It's all about self-love.
Subject: Meditation (Study and teaching)
Holistic medicine (Methods)
Women (Health aspects)
Women (Management)
Author: Magenya, Sheena
Pub Date: 08/01/2008
Publication: Name: Sister Namibia Publisher: Sister Namibia Audience: Academic; General Format: Magazine/Journal Subject: Social sciences; Women's issues/gender studies Copyright: COPYRIGHT 2008 Sister Namibia ISSN: 1026-9126
Issue: Date: August, 2008 Source Volume: 20 Source Issue: 3
Topic: Event Code: 200 Management dynamics Computer Subject: Company business management
Geographic: Geographic Scope: Namibia Geographic Code: 6NAMI Namibia
Accession Number: 188293324
Full Text: The sound of meditative instrumental music greets me as I walk into a Shibashi session with Sister Bibiana at the PEACE Centre. The women in the group follow her movements in silence. They move as one body and my presence does not seem disturb the exercise, as I weave in between them trying to get a good photo. I watch these women sway to the left and then to the right; a gentle breeze blows; the trees and the flowers move with them; and I am overwhelmed by one sensation that is so hard to find today--peace.

Caring for the care-givers

These meditation sessions are part of the PEACE Centre's programme to address the psychological and emotional needs of women providing home-based care for Aids patients and looking after orphans while running their own households and trying to earn some income. Some members of the group are vendors of Big Issue Namibia, a magazine sold on the street to support the homeless and unemployed.

According to Laura Sasman of the PEACE Centre, "These varied approaches are more holistic and address some of the group member's physical needs as well." The approaches include activities such as art therapy, self-assertiveness training, stress-relief and Shibashi exercises.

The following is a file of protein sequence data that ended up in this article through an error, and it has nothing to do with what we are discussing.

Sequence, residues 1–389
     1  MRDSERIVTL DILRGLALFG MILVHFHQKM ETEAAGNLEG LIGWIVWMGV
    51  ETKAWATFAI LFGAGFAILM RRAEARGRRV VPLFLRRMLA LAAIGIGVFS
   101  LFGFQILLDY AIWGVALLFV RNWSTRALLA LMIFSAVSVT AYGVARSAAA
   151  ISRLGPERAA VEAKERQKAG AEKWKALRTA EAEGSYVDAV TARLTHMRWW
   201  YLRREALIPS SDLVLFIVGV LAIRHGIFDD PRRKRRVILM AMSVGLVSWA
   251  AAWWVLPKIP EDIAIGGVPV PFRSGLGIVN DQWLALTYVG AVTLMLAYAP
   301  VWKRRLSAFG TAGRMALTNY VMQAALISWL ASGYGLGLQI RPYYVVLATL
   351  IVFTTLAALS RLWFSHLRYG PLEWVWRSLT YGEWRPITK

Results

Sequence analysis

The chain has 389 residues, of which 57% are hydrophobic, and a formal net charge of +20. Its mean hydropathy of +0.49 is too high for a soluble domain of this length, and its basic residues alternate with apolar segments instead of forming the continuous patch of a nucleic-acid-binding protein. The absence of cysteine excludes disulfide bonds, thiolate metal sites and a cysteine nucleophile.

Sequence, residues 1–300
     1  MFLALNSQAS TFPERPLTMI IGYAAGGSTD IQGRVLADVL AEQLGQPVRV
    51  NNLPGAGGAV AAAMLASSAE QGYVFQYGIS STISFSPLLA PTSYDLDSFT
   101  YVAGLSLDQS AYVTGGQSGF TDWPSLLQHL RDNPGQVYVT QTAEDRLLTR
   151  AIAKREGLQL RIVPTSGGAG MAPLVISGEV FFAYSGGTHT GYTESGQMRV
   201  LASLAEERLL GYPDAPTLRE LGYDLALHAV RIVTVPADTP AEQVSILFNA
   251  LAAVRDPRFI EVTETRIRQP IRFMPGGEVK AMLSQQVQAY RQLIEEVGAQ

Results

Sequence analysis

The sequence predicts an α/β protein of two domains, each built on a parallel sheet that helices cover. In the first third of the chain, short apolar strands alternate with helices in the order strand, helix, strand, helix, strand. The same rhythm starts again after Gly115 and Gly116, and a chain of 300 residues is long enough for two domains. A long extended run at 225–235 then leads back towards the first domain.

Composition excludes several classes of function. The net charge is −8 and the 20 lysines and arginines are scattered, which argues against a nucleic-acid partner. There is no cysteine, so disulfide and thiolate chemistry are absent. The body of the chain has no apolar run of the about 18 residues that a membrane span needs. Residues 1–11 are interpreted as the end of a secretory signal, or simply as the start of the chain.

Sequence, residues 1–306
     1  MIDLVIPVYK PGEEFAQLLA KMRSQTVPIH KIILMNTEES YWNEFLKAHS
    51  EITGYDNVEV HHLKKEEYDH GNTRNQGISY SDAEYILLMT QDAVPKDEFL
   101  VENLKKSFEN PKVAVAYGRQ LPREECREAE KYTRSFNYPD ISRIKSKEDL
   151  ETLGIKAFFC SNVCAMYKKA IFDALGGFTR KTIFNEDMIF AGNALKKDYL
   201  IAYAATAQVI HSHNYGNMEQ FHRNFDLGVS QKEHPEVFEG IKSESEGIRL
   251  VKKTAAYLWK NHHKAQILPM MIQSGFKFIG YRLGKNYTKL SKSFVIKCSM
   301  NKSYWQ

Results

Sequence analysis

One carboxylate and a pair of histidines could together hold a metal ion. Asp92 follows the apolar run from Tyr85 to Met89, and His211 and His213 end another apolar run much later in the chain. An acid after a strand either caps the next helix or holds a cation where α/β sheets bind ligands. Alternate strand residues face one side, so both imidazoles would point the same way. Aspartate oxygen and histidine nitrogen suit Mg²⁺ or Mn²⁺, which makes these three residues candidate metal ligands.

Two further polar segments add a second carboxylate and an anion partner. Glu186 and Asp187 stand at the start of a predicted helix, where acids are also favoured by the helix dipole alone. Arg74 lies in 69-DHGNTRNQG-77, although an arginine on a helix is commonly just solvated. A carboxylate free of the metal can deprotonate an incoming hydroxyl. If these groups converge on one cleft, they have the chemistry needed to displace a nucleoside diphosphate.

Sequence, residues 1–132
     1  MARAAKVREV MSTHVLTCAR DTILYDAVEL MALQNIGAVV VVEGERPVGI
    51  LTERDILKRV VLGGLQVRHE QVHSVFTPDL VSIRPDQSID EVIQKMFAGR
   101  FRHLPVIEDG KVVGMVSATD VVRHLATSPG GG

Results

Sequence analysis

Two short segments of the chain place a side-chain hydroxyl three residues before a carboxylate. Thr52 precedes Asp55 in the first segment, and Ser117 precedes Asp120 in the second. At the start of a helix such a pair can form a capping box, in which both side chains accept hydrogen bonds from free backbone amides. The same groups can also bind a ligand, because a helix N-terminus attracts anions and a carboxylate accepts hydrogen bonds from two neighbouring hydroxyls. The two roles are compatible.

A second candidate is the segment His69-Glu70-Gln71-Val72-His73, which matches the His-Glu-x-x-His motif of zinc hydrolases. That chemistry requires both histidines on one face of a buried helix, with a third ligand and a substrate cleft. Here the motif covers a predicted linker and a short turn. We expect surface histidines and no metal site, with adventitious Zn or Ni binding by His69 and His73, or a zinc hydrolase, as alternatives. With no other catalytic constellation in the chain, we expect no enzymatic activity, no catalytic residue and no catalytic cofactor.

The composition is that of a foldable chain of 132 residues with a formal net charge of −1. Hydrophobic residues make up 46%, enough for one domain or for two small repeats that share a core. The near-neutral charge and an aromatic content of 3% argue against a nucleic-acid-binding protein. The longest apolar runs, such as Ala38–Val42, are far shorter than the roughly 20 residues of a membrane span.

The Shibashi sessions are led by Sister Bibiana of the Maryknoll Contemplative Society. When asked why she chose this type of meditation to teach, Sr. Bibiana's answer is simple, "It is all about self love. Women are always giving and giving and not getting anything back. You have to take care of yourself in order to take care of others. In these sessions women are giving back to themselves. Taking care of yourself is the first step towards loving yourself."

Integrating body and spirit

Shibashi is a Chinese exercise similar to Tai-Chi that consists of eighteen movements that are done very slowly to music or in silence. According to literature by Sister Mary John Mananzan, "Shibashi blends in well with women's spirituality which is characterised by integration, liberation, celebration, healing and growth." She also observes that "Women's spirituality aims at wholeness, because the experience of women is brokenness. Shibashi integrates the movement of the body with the calm, concentrated attitude of the spirit."


The different movements all have symbolic meanings that connote celebration, self-blessing and healing. Shibashi is designed to improve general health and well being, and improves circulation and digestion. Shibashi is for people of all ages, requires no special tools or equipment and needs very little space to practise, making it available to practically everyone.

Feeling the effects

Victoria Nantinda, who works as a community counsellor and helps out at her community soup kitchen every Sunday, says that she finds the Shibashi exercise very energising and that it helps her deal with stress. Alfreida Hochobes, a Big Issue vendor and cleaner, says Shibashi makes her more relaxed than she has been in ages and she practises it at home every two days. Loida Angula, another Big Issue vendor, explains the benefits of Shibashi. "Many times women just work and sleep and do not exercise," she says. "This makes them even more tired. Shibashi is a great exercise to give you more energy and strength, because you use your muscles. I would encourage as many women as possible to practise Shibashi."

As a step towards self-love through exercise and meditation, Shibashi is an activity that every woman should learn. Fifteen minutes out of your day for yourself and your body goes a long way in safeguarding your health and consequently, your happiness.

Story and photo by Sheena Magenya
Gale Copyright: Copyright 2008 Gale, Cengage Learning. All rights reserved.

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